[commerical flag example] [commerical flag example] [commerical flag example]
House Flag of Allantone Supplies Ltd., UK (fotw); Flag of Associated Portland Cement Manufactures Ltd, UK (fotw); Commercial Flag/Civil Ensign, Spain 1785-1927 (fotw)

See ‘logo’.

[commerical flag example]
Flag of McDonalds, Worldwide (fotw)

See ‘masthead pennant 1)’. see supplemental note

[commissioning pennant]
Commissioning/Masthead Pennant, Canada (fotw)

See ‘broad pennant 2)’.

[commodore's broad pennant]
Commodore’s Broad Pennant, Pakistan (fotw)

In English then British RN usage, now obsolete, a commissioning or masthead pennant (often seen) with a split tricolour fly, that was introduced in 1661, and flown (together with a red ensign) until c1850 by warships sailing under Admiralty orders -an ordinary, or tricolour pendant, or a pendant of independent command – see ‘masthead pennant 1)’ (also ‘man o'war pendant’ and ‘red ensign 2)’ and union pendant).

[common pendant]
The Common/Tricolour Pendant, England then UK 1661 – c1850 (fotw)

a) Display of a common/tricolour pendent became (or was designed as) a visual indication that the vessel wearing it was under Admiralty orders and (therefore) not subject to the authority of any local flag officer whether of the red, white or the blue – see ‘distinction of colour’, however;
b) There is evidence to suggest that, when introduced, its use was less restricted than became the practice later.

Small additional colours carried by foot regiments of the British and Canadian Brigade of Guards, and a survival of the general 16th/17th Century practice of carrying a colour for each company in a regiment – camp colours or silks (see also ‘camp colour 1)’, ‘colour 2)’, ‘colours 2)’, ‘postures’, ‘stand of colours 1)’ and ‘venn’).

1st Battalion of The Irish Guards Governor General’s Foot Guards
Company Colour, No 1 Company, 1st Battalion of The Irish Guards, UK (Graham Bartram); No 2 Company, Governor General’s Foot Guards, Canada (Official Website)

Please note that, while ten was the theoretic maximum, and six or seven the more usual, a regimental stand of nine colours was not unknown for an English regiment of foot in the mid-17th Century.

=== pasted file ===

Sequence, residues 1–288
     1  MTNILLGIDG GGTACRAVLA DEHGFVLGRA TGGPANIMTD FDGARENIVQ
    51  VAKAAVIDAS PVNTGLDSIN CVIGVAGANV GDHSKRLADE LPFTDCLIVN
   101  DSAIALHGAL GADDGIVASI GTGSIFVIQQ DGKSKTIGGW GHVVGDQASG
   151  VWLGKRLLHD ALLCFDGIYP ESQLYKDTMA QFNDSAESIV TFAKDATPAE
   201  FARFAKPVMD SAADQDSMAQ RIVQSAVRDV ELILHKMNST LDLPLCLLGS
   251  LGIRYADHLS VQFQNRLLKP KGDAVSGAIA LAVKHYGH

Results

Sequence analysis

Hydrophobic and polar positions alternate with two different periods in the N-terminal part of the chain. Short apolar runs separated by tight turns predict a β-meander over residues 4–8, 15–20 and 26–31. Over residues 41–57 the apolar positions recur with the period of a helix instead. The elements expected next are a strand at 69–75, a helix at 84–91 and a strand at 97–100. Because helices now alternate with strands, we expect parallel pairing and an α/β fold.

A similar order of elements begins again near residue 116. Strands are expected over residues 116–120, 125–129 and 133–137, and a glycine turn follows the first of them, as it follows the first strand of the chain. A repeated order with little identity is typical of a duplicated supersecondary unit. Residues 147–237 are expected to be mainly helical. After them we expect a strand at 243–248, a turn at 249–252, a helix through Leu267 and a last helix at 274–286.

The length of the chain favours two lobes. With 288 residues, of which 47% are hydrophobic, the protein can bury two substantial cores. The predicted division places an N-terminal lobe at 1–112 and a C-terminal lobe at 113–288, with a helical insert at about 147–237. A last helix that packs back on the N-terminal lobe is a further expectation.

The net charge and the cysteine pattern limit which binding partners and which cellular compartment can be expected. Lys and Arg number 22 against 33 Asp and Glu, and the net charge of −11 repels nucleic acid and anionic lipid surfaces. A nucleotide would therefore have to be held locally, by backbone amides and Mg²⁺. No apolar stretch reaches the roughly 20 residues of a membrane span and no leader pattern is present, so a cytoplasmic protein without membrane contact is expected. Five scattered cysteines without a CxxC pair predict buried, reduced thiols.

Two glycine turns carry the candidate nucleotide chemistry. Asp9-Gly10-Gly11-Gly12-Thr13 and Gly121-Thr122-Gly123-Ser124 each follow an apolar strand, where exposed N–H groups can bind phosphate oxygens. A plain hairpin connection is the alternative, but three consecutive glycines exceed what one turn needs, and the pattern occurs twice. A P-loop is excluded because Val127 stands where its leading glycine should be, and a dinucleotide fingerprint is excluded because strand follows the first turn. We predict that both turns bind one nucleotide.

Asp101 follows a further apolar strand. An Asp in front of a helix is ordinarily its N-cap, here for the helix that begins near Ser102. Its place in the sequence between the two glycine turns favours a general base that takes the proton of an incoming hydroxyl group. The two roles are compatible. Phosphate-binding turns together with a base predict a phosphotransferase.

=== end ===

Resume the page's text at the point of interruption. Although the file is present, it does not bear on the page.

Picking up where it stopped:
See ‘corporate flag’.

[company flag example]
Flag of BOAC, UK (fotw)

1) In heraldry, the symbolic base upon which a shield and supporters may rest in a full set of armorial bearings– but compare with ‘coupeau’ and ‘mount’ (see also ‘Appendix IV’, ‘armorial bearings’, ‘shield’ and ‘coat of arms’).
2) On flags see 'cartouche 2)'.

[compartment example] [compartment example] [compartment example]
National Arms 1932 - 2000, South Africa (fotw); National Arms, Tanzania (fotw); National Arms, the Bahamas (fotw)

1) In the International Code of Signals, two or more flags or pennants added to a basic signal to give clarity or precision to the message (see also ‘international code of signal flags, ‘international code of signals’ and ‘signal flag’).
2) In heraldry a full moon – see ‘moon 2)’ with following note.

In heraldry see ‘armorial bearings’ and ‘achievement of arms’.

[Cambridge] [Duke of Wellington arms] [Bexley]
Flag of Cambridge, UK (fotw; Arms of the Dukes of Wellington, UK (Wikipedia); Flag of Bexley, UK (fotw)

See ‘courtesy flag’.

The heraldic term used when an ordinary or a border is composed of squares (or occasionally rectangles) in alternating tinctures – gobony, gobone or gobonated (see also ‘counter-compony’, ‘ordinary’ and ‘tincture’).

Estévenens, Switzerland
Flag of Estévenens, Switzerland (fotw)

In heraldry see ‘counter-compony’.

[combatant example] 
Flag of Zeihen, Switzerland (fotw)